The Confrontation Meeting

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One of the continuing problems facing the top management team of any organization in times of stress or major change is how to asses accurately the state of the organization’s health. How are people reacting to the change? How committed are subordinate managers to the new conditions? Where are the most pressing organization problems? In the period following a major change – such as that brought about by a change in leadership or organization structure, a merger, or the introduction of a new technology – there tends to be much confusion and an expenditure of dysfunctional energy that negatively affects both productivity and morale. At such times, the top management group usually spends many hours together working on the business problems and finding ways of coping with the new conditions. Frequently, the process of working together under this pressure also has the effect of making the top team more cohesive. Concurrently, these same managers tend to spend less and less time with their subordinates and with the rest of the organization. Communications decrease between the top and middle levels of management. People at the lower levels often complain that they are less in touch with what is going on than they were before the change.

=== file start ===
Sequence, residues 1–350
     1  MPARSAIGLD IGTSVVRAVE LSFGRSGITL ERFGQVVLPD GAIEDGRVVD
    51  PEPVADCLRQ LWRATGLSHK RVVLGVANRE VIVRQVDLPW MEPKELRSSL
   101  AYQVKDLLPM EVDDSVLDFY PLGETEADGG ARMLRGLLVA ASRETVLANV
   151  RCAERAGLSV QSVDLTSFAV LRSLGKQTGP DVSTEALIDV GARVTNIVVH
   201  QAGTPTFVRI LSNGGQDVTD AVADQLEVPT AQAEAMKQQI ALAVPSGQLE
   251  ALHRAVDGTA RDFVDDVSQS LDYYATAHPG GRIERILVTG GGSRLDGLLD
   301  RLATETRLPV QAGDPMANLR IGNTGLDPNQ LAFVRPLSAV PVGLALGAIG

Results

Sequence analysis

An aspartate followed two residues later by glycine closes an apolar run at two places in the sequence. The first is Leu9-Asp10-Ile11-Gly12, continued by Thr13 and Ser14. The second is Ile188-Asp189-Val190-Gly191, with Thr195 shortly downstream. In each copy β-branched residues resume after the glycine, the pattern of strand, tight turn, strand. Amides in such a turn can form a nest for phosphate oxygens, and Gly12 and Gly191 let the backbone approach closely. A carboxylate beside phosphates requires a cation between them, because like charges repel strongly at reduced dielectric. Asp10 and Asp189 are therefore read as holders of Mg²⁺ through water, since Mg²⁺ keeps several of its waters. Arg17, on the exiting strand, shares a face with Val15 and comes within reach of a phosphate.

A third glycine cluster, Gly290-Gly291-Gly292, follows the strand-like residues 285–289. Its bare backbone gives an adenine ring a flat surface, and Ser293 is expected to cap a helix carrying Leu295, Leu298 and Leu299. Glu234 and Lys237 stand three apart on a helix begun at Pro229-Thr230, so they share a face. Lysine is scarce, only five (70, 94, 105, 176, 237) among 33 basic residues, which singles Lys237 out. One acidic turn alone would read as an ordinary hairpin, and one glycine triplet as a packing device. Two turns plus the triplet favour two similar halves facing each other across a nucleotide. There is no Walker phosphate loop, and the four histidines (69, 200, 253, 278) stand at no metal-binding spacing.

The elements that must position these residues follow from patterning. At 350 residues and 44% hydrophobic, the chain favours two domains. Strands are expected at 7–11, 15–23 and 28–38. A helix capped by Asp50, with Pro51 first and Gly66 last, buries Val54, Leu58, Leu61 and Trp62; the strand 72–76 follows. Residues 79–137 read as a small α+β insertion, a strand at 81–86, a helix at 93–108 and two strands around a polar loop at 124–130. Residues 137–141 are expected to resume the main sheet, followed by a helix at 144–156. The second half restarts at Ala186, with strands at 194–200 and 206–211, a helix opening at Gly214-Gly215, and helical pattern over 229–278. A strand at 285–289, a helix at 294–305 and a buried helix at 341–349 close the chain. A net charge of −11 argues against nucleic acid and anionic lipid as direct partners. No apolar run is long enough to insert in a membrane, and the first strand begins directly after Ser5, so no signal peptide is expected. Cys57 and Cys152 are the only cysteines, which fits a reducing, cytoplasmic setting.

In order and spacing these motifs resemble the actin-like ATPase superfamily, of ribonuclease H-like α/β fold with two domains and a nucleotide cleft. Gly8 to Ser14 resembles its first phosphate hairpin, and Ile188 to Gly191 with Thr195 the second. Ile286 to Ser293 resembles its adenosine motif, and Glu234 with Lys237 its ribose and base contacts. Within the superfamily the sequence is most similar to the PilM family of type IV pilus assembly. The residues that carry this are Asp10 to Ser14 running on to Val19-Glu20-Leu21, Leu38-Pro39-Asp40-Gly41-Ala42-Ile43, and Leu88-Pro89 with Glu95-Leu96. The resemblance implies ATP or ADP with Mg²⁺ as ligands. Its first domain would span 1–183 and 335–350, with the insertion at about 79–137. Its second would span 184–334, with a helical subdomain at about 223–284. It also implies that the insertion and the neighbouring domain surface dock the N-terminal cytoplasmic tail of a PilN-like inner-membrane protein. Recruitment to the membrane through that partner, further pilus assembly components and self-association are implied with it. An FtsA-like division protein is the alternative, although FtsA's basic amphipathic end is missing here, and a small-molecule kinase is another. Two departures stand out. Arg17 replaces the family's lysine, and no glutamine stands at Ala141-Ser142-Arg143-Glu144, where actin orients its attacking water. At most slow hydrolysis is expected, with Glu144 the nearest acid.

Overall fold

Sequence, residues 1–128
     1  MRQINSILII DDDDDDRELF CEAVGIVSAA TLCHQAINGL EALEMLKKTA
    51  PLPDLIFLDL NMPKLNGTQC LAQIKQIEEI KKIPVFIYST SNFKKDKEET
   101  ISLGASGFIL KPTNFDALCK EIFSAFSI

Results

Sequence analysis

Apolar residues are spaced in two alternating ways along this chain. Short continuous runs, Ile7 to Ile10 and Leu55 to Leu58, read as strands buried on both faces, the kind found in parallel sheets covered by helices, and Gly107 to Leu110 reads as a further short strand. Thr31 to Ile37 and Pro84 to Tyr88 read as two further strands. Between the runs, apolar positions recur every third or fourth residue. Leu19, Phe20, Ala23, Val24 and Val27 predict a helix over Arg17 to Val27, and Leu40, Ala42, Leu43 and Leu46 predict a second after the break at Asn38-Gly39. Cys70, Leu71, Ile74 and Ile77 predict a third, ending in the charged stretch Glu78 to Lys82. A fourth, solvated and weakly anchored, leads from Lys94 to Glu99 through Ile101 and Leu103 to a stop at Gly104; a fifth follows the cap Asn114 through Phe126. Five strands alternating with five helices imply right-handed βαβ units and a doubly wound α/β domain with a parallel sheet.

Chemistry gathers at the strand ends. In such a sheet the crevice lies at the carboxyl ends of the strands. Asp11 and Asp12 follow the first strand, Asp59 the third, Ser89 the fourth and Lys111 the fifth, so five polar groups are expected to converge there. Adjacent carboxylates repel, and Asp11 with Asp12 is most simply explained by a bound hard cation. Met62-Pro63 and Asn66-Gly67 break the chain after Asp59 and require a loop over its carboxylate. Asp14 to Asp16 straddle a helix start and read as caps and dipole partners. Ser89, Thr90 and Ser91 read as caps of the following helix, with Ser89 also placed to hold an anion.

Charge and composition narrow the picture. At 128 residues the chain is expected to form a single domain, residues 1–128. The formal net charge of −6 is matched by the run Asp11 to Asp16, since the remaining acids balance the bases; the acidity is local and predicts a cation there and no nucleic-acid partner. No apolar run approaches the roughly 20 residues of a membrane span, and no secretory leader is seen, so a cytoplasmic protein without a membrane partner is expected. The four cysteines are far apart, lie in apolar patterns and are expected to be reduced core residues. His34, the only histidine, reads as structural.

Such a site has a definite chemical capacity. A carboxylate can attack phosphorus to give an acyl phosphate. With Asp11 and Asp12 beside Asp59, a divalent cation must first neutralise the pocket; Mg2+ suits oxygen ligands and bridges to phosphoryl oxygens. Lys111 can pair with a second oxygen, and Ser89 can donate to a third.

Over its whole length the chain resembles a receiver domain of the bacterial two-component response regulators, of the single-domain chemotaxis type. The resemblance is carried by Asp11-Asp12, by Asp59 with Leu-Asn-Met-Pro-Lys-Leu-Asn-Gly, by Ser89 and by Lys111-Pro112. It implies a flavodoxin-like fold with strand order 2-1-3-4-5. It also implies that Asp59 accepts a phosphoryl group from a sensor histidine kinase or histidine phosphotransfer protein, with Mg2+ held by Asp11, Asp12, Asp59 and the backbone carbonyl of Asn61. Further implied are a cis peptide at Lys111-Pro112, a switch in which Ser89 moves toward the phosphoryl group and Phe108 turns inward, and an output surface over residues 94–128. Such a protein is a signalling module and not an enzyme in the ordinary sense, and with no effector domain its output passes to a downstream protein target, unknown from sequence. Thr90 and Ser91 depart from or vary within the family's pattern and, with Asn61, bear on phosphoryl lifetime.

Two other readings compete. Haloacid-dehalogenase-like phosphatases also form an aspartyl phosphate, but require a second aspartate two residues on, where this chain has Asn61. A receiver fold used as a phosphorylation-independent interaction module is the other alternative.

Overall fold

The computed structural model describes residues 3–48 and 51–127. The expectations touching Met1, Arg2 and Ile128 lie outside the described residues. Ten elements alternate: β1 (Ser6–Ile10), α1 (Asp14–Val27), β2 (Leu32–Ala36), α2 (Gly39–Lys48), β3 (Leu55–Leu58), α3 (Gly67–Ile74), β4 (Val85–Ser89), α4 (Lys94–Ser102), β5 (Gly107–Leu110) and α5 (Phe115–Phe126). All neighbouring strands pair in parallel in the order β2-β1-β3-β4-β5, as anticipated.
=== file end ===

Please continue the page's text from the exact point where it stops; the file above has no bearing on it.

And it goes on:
The Confrontation Meeting’, RichardBeckhardHarvard Business Review, 45 (2) (1967): 149–155. Copyright © 1967 by the Harvard Business School Publishing Corporation; all rights reserved. Reprinted by permission of Harvard Business Review.
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